If it's not a bluebell, it might be bark; if it's not bark, it's a snail; if it's not a snail, it's a bee; if it's not a bee, it's a flower; if it's not a flower, it's a butterfly; if it's not a butterfly, it's a moth . . . or a twig . . . or a - there's always something to see!
* * *
Links
Identify Your Bluebells (Natural History Museum - take a look in the sidebar of that page for more bluebell info.
Identify Gastropods (USA)  (The ID Tools site may be very useful to readers in the USA - and can be fascinating for those of us who live elsewhere too.)
Brown Tail Moths - This Wikipedia entry is interesting on two scores. (Probably more but there are two which stand out for me.) First - it shows what the moth itself looks like (very pretty) and says to look out for it in July and August. Second - it shows the impact the hairs of the caterpillar have on human skin. Which leads to the question - why did the woman in the picture have caterpillars wandering around on her neck? 

Monday, 7 April 2014

TREE FOLLOWING - THE APRIL BOX IS HERE!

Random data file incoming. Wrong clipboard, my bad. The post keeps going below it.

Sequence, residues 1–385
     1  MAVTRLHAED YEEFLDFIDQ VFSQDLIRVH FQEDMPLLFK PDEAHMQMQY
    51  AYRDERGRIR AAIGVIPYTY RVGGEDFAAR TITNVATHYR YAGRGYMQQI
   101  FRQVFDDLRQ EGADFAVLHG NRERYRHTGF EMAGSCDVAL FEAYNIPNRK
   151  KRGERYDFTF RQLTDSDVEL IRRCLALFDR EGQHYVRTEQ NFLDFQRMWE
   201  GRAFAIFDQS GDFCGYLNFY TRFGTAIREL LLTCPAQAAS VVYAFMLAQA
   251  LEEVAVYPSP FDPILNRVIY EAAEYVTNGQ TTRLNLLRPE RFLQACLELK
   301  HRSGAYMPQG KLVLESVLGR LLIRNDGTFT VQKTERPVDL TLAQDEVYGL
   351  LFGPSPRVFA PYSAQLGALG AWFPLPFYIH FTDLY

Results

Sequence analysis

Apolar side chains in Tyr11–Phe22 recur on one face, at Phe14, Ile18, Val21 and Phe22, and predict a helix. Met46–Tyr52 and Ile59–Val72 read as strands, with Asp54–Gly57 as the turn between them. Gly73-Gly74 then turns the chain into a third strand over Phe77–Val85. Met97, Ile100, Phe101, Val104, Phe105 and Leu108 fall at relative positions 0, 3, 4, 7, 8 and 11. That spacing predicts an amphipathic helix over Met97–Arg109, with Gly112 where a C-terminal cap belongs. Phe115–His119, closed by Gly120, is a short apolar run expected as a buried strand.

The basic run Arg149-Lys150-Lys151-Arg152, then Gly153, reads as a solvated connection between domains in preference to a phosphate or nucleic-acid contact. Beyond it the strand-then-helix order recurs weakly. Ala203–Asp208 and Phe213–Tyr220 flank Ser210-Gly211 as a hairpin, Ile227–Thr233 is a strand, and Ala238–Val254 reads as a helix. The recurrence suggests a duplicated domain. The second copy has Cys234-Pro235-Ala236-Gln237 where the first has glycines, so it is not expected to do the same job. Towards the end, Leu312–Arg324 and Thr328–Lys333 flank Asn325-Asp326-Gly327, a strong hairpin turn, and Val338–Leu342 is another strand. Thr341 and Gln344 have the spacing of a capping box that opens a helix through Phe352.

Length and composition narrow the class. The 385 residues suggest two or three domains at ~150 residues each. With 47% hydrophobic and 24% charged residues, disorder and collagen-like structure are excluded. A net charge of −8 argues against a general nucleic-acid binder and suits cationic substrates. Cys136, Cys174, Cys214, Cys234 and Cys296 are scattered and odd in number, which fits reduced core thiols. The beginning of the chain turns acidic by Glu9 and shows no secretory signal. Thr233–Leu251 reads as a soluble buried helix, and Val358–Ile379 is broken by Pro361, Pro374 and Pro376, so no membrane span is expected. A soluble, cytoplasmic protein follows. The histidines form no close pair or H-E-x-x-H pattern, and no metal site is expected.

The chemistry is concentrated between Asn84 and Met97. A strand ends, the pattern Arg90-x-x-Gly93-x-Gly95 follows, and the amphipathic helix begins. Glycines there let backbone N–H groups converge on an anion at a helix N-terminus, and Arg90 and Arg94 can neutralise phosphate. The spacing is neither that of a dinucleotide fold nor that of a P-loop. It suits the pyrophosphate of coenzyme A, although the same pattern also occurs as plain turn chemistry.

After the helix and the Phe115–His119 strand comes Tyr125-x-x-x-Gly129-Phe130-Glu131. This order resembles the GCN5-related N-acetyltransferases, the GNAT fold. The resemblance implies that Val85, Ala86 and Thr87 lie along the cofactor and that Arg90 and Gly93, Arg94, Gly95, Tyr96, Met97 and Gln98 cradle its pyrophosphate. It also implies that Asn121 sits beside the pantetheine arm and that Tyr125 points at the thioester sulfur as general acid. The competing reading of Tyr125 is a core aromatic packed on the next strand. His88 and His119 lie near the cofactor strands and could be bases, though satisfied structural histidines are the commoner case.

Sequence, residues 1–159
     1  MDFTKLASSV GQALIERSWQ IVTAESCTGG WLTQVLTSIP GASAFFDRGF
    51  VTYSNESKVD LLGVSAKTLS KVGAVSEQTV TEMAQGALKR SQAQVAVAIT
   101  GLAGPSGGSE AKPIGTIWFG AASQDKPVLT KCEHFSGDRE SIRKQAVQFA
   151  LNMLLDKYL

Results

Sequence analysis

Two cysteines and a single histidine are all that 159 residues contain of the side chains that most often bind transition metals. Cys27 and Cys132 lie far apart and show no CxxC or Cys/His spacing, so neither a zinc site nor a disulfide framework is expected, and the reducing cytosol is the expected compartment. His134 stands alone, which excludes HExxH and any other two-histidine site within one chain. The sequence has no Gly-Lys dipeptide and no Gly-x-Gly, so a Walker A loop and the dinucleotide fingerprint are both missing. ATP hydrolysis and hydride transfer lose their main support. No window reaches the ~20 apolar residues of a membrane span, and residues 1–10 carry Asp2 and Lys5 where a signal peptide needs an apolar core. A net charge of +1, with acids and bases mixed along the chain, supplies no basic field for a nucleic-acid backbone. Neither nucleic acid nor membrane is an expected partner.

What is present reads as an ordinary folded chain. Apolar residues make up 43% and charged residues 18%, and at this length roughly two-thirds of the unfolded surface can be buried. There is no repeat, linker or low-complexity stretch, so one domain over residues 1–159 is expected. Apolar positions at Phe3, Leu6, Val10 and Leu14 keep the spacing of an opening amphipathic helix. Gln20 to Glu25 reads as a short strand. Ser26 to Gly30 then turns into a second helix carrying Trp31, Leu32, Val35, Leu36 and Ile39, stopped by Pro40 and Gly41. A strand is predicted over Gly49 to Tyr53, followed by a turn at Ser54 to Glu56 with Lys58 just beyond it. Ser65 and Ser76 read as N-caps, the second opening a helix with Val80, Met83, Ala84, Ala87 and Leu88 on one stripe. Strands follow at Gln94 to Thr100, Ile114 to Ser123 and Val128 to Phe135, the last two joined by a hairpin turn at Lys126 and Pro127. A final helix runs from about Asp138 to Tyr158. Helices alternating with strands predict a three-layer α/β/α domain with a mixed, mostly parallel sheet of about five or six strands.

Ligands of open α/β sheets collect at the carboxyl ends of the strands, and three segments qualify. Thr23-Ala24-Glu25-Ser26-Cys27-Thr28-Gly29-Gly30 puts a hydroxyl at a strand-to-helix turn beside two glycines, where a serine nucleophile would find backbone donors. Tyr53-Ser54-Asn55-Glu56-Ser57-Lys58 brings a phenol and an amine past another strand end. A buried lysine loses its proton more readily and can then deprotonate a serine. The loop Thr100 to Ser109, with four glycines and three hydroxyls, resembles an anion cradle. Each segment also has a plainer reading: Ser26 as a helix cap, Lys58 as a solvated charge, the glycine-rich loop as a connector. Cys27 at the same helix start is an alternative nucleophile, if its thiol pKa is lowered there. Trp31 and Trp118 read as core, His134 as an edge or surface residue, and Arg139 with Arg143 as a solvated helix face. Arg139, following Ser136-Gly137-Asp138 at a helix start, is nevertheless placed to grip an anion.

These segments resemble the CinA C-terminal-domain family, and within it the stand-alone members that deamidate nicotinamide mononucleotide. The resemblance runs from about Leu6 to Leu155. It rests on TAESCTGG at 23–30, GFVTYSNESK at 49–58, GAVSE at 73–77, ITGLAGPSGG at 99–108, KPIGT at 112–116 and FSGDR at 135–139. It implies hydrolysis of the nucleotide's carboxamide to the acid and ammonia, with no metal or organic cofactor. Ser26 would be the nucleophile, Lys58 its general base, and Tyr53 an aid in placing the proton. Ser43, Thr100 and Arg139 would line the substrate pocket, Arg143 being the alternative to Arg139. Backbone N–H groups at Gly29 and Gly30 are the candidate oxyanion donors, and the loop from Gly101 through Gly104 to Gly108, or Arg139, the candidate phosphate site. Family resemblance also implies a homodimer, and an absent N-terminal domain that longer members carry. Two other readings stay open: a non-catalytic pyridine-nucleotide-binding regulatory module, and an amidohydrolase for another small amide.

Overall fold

Tree (perhaps Windmill Palm?) with white building and blue sky.
Poole, Dorset, November 14th 2013
It should be exciting. We have been introduced to nearly all the trees and now's the time to find out what's been happening since last we met. Many will have changed. A month is a long time when it comes to leaves and buds and the melt of snow. Some will still be waiting for the starter's whistle. In other parts of the world, autumn is heading in. (We would specially welcome tree-followers from the southern hemisphere to broaden the atmosphere of the Tree Following project.)

If you aren't already following a tree
it's not too late to
You can read more about it on the Loose and Leafy Tree Following Page.
If you are on the list
PLEASE CHECK THE DETAILS
Your blog, your name, your tree, where you are.
If you have moved your blog to another site